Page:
Judicial independence or independence of the judiciary is the idea that the judiciary needs to be kept away from the other branches of government. That is, courts should not be subject to improper influence from the other branches of government or from private or partisan interests.

Different nations deal with the idea of judicial independence through different means of judicial selection, or choosing judges. Judges must be free to decide cases and make rulings according to the rule of law and judicial discretion, even if those decisions are politically unpopular or opposed by powerful interests.

Funding arrangements and giving discretionary power to a single individual to appoint the Chief Justice do not satisfactorily guarantee the Constitutional Court’s institutional independence. There is a tendency on the part of some like President Jacob Zuma to try to gain the Constitutional Court as an outlying part of the President’s and the ruling party’s empire.

It is critical to the Constitutional Court’s independence that the Chief Justice owed primary loyalty to the people of South Africa and not to the President, Ministry of Justice or the ruling party.

On judicial appointments, the appointments process should be revised to significantly guarantee institutional independence. The current process where “the power to appoint a chief justice resides with the president” as Senior Attorney Themba Langa pointed out in Sowetan of 23 August should be rejected since this leads to the politicization of judicial appointments and to the Constitutional Court being seen to divide on some issue on political lines.

The role of judicial review and human rights jurisprudence, and how the judiciary functions independently should not be viewed as overstepping its role in this context. This is in contrast to what Senior Attorney Langa wrote that, “The Constitutional Court developed jurisprudence that gave judges virtually unlimited discretion to resolve cases according to what seemed fair to them”.

The judicial review must be a half-yearly or annual occurrence. In some countries, the ability of the judiciary to check the legislature is enhanced by judicial review. This power can be used, for example, when the judiciary perceives that legislators are jeopardizing constitutional rights.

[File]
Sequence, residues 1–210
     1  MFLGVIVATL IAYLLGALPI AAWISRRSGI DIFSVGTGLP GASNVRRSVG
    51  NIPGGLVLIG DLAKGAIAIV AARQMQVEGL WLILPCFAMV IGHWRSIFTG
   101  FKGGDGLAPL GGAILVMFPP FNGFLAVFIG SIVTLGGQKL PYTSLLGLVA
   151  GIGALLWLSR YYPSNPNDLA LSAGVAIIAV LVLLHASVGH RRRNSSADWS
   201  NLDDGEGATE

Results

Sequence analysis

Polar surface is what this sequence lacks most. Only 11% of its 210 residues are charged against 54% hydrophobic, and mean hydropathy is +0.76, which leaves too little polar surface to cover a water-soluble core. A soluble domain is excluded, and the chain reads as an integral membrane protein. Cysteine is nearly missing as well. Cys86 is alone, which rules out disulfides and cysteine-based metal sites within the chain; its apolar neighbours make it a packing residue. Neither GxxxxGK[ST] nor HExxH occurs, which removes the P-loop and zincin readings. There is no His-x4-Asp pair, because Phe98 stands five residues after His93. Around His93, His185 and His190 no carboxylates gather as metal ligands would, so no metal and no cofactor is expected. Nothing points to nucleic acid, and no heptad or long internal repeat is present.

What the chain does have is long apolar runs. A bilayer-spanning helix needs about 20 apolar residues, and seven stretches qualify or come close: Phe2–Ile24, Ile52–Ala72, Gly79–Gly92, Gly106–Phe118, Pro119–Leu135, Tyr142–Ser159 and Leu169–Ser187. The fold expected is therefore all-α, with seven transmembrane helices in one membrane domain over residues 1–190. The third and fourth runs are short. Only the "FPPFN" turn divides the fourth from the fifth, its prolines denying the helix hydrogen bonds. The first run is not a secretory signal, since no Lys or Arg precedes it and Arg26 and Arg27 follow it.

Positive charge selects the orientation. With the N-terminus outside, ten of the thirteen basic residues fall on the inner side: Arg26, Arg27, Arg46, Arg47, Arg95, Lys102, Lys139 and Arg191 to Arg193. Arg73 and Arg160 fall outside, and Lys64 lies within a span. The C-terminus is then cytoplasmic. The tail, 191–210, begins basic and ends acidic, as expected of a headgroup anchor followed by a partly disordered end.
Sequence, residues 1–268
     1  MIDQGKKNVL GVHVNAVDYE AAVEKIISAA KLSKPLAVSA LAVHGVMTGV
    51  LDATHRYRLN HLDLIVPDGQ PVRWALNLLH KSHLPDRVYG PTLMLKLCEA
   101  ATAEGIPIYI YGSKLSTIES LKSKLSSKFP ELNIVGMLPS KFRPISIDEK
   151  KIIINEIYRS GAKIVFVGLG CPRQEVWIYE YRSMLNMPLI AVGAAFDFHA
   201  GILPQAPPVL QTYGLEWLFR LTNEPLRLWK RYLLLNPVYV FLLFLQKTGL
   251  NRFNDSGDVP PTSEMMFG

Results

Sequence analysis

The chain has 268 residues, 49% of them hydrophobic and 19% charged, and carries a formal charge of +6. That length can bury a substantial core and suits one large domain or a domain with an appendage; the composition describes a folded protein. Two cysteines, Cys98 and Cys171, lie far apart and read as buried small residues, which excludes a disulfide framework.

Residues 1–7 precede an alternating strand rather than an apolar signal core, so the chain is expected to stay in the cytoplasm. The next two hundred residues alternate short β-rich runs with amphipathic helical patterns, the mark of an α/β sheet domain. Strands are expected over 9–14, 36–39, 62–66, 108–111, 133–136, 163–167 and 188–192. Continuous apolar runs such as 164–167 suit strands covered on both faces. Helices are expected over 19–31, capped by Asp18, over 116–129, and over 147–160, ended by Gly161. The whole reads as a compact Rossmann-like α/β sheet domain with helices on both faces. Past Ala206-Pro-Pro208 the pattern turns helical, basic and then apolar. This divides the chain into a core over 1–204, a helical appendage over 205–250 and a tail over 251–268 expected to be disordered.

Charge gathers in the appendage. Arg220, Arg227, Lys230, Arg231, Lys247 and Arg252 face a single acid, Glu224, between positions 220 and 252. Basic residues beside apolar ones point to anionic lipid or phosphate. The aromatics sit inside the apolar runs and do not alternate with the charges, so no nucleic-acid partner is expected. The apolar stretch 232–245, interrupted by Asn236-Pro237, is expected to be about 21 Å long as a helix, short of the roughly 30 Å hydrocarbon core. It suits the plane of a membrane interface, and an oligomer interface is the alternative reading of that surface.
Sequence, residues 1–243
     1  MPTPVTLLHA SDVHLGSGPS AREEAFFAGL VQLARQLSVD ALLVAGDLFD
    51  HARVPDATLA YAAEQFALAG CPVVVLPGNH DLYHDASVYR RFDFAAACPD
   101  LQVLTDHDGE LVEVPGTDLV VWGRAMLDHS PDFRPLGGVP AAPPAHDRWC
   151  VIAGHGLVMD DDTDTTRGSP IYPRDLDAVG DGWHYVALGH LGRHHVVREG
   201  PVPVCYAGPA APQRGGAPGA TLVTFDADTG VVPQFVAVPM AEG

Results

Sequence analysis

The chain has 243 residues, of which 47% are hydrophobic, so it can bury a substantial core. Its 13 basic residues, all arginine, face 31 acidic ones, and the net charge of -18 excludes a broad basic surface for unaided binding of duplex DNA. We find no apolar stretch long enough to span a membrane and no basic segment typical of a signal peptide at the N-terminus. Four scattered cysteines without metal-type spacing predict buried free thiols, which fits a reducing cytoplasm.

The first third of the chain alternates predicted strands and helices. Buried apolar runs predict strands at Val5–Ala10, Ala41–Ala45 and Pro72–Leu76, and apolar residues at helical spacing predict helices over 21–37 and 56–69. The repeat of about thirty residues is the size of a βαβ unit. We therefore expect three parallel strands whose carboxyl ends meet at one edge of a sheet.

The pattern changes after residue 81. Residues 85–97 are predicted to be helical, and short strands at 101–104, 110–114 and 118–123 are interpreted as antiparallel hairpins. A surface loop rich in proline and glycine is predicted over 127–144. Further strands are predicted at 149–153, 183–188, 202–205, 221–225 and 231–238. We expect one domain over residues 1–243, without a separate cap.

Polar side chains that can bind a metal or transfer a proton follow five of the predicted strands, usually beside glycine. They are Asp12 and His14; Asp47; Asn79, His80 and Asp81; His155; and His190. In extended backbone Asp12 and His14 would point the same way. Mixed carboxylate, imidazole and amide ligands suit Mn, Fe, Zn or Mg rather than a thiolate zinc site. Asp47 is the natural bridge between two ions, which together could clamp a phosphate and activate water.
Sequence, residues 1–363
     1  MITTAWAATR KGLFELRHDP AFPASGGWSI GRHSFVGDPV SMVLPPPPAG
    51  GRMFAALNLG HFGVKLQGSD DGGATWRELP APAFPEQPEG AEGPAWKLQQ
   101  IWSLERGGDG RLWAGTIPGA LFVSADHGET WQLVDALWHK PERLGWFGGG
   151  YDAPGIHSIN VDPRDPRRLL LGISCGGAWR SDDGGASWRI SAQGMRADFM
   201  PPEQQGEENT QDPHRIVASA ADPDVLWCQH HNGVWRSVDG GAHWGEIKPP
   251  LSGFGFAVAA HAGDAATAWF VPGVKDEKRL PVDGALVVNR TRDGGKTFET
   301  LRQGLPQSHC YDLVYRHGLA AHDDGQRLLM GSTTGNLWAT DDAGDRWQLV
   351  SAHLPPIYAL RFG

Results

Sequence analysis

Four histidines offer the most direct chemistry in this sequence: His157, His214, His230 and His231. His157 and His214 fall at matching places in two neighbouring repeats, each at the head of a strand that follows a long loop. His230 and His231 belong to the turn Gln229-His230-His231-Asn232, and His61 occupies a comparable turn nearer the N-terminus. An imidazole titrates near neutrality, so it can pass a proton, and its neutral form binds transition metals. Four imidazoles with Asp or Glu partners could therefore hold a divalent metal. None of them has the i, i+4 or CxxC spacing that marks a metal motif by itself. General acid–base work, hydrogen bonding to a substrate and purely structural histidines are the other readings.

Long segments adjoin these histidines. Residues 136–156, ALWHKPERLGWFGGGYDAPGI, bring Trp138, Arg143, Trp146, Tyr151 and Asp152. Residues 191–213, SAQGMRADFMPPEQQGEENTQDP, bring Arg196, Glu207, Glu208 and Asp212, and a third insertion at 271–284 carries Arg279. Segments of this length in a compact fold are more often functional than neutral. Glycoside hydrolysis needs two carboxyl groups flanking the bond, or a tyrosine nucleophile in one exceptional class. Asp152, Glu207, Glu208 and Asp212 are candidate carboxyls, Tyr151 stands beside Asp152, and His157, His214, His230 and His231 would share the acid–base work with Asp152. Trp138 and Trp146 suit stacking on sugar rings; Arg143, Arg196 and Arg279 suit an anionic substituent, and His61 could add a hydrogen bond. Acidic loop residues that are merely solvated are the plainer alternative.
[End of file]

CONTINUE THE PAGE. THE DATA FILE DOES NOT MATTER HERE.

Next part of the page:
In the same August 23 Sowetan article I expected Themba Langa as a lawyer to argue in favour of the independence of South Africa’s judiciary. In his opening paragraph he described the judiciary as the “cornerstone of our democracy” and made nonsense of that very concept in his concluding paragraph when he wrote that, “We should embrace the notion that judicial independence is not equal to judicial supremacy over Parliament or the president”.

He also embroiled himself into partisan politics where he wrote that, “It is also disturbing that Zuma is consistently being treated with derision and scepticism that is inexplicably accorded to ANC politicians by the likes of Hoffman”. Yet he wants us to believe that the passing over for promotion of Judge Dikgang Moseneke was purely based on legal considerations without any political undertones.

I think the way Judge Moseneke was discriminated against by President Zuma it is screaming for a review of judicial appointments. We can look at how other countries effect judicial appointment not that they have the best systems of appointing judges but they are better than South Africa’s and Botswana’s judicial appointments.

Let’s take Canada, for example where judges of the Supreme Court (South Africa’s equivalent of the Constitutional Court) are appointed by the Governor-General-in Council, a process whereby the governor-general, the vice regal representative of the Queen of Canada, makes appointment based on the advice and consent of the Queen’s Privy Council for Canada. By tradition and convention, only the cabinet, a standing committee in the larger council, advises the governor general and this advice is usually expressed exclusively through a consultation with the Prime Minister.

In South Africa we don’t have the governor general, the Privy Council and the Queen but we have the House of Traditional leaders (Ntlo Ya Dikgosi in Botswana) whose role, like in Botswana, has been downgraded in the post independence constitutions of these two countries. Many of our traditional leaders are educated and have good sense and should be imbued with patriotic feelings and foreswearing any sectional tendencies such as tribalism/ethnicity, regionalism, factionalism, sectarianism and partisanship. These traditional leaders can be given the constitutional role of identifying suitable candidates for the position of Chief Justice and Deputy Chief Justice in consultation with leaders of political parties represented in Parliament. The names of those suitable candidates can then be presented to the Judicial Service Commission which can then forward them to the President to choose from.

By Sam Ditshego